Is it possible that we don’t have one true calling? That we have more than one talent? One gift? That is the question that Emilie Wapnick asks her TED audience. She is a self proclaimed “multipotentialite” which is to say, she has many potential careers and gifts.
I must say I got a little emotional watching this talk. I too am someone who is constantly looking for my one true thing only to feel disappointed in myself when I get interested in something new. It is a very freeing concept that my students loved to talk about…
- What did you want to be when you grew up?
- If it changed, why did it change?
- Why is it ok for children to have many career paths, but adults must chose one?
Watch the video and gather some of the main themes and points.
Post Video Discussion
First do a Tell Back.
- Do you see yourself in Emilie’s concept of mulitipotentialite?
- What are the advantages of exploring all our interests?
- What are the multipotentialite’s “super powers”?
- How are those skills relevant in today’s job market?
Have a good discussion!
I don’t know if any of you buy lottery tickets, but I don’t. I suppose my logical brain tells me that the chances are so low that I shouldn’t waste my money. Still, when the jackpot goes up high, I can’t help my thoughts wander to odd fantasies of what I would do if I had that much money.
I’ve often heard that we need billionaires because they create wealth for everyone. In the financial terms, this notion of trickle down economics is rooted in the idea that over taxing the wealthy will do more harm than good. Forbes magazine poses this very question and ask famous billionaire and philanthropist Bill Gates about the consequences of a wealth tax. The answer may surprise you.
This article is a vocabulary rich text, appropriate for intermediate to advanced learners.
- What would you do if you were a billionaire?
- Which billionaires are philanthropic (use their fortune to better the world)?
- Do you think billionaires are a good thing or a bad thing?
The article–Forbes Bill Gates gets why people are doubting billionaires
- Pull out the economic related vocabulary
- Do a Tell Back of what Gates says about over taxing billionaires
The article is pretty intense, so I will leave it at those two points for now, but if you have a question suggestion, please don’t hesitate to add it to the comments.
The Paradox of Choice
Barry Schwartz exposes an interesting backlash of having too many options.
I suggest you watch this in small snippets and do short Tell Backs along the way.
Do you agree with Schwartz?
What are the advantages of choice?
What are some of the events in his life that led to this conclusion?
Can you thinks of events in your life that you would have preferred to have less choice?
Success is a looming goal that can drive us, but also plague us. In Alain de Botton TED talk, he exposes his struggle with success and some of the elements that may shape our choices.
- How do you define success?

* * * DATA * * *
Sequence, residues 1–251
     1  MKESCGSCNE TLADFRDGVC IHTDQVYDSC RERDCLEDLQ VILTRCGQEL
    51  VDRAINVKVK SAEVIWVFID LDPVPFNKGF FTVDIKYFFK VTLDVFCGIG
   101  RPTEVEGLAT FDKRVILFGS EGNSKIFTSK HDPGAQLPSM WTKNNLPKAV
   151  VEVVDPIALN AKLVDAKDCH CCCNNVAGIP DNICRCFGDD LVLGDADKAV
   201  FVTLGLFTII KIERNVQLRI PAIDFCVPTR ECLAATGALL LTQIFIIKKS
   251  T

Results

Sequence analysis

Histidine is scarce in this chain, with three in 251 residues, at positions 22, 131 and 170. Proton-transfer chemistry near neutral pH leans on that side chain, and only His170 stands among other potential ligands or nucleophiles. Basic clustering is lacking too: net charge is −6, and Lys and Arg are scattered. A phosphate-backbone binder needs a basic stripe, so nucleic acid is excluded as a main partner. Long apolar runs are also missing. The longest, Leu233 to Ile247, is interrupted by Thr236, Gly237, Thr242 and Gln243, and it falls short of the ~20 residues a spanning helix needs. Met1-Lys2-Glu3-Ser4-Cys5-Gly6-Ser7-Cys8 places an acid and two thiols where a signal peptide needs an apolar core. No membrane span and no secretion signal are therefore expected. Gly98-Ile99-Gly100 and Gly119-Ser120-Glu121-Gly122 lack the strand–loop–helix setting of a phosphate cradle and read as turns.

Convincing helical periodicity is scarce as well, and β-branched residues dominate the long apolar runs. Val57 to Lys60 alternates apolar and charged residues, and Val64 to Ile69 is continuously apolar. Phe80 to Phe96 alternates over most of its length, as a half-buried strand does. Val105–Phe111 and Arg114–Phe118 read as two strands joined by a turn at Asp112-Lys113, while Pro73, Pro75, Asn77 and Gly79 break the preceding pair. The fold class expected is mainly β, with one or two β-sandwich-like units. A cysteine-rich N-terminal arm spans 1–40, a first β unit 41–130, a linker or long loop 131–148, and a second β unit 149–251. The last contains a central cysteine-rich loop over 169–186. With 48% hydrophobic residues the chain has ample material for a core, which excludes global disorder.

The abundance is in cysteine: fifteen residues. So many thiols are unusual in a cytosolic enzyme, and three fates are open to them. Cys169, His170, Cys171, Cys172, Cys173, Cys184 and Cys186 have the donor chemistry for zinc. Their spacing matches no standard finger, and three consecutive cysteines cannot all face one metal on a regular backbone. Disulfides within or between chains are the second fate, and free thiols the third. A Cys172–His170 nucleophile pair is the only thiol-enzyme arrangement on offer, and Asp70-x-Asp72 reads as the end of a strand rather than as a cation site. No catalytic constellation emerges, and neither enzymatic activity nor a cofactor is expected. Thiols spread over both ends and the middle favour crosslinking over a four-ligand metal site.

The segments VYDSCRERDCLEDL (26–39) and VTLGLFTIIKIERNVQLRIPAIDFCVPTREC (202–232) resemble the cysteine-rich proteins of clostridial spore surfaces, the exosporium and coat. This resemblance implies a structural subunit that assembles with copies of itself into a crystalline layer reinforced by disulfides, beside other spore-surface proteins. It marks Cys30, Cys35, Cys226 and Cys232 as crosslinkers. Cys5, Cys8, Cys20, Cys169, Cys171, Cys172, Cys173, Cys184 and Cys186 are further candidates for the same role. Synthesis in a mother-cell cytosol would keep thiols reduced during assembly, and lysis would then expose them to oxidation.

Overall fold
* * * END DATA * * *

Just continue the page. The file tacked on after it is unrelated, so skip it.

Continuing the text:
- Who do you know that you consider successful?
The Video: TED A Kinder, Gentler, Philosophy of Success by Alain de Botton
- Divide the presentation into 5 min segments and do a Tell Back
- First 5 min: What is snobbery according to Botton?
- 5-10 min: What is meritocracy? How might it be destructive?
- 10-15 min: What can literary tragedy teach us? Why does nature attract us?
- If you have time, I would suggest doing a Mind Map of the main elements that contribute to our notion of success. Perhaps group them according to those that are good and bad.
When we look at the ludicrous speed the planet is changing because of the human footprint, it can leave us feeling powerless. Thus all eyes are on our governments to fix the problem–to be the climate police. But is that fair? Can we trust them?
In this Frontline report, we are confronted by some of the barriers to climate change measures.
- What do you know about climate change?
- What are some of the elements that contribute to fossil fuel emission?
- What habits have you changed to reverse the trend?
The Video: Frontline: Leadership on Climate Change: Can America Summon the Political Will?
- Why is there a disconnect between science and policy in America?
- Why are some reluctant to support policy that puts constraints on manufacturers?
- Should the government be financing innovation?
- Who wins by blocking climate friendly legislation? Who loses?
- What are other countries doing that has helped the climate change movement?
TED features Joachim de Posada’s presentation of the famous “marshmallow” test done children. It is a test that claims to predict the success of those children through their ability to delay gratification.
I won’t go into great detail about the test because the video only last about 5 min. I will say this, although this test makes me feel a little uncomfortable, I think it makes an interesting discussion.
- Do you consider yourself a patient person?
- What things or events in your life have you had to wait for?
- What stories or anecdotes from your life show how you are patient or impatient?
The video: Don’t eat the marshmallow by Joachim de Posada TED
- How did the video of the children make you feel?
- How did the children act around the marshmallow?
- If it were you, would you have eaten it? Why?
- Why do you think it is important to be able to delay gratification?
- What do you think Posada means by “we are eating more marshmallows that we produce?”
- Do you agree?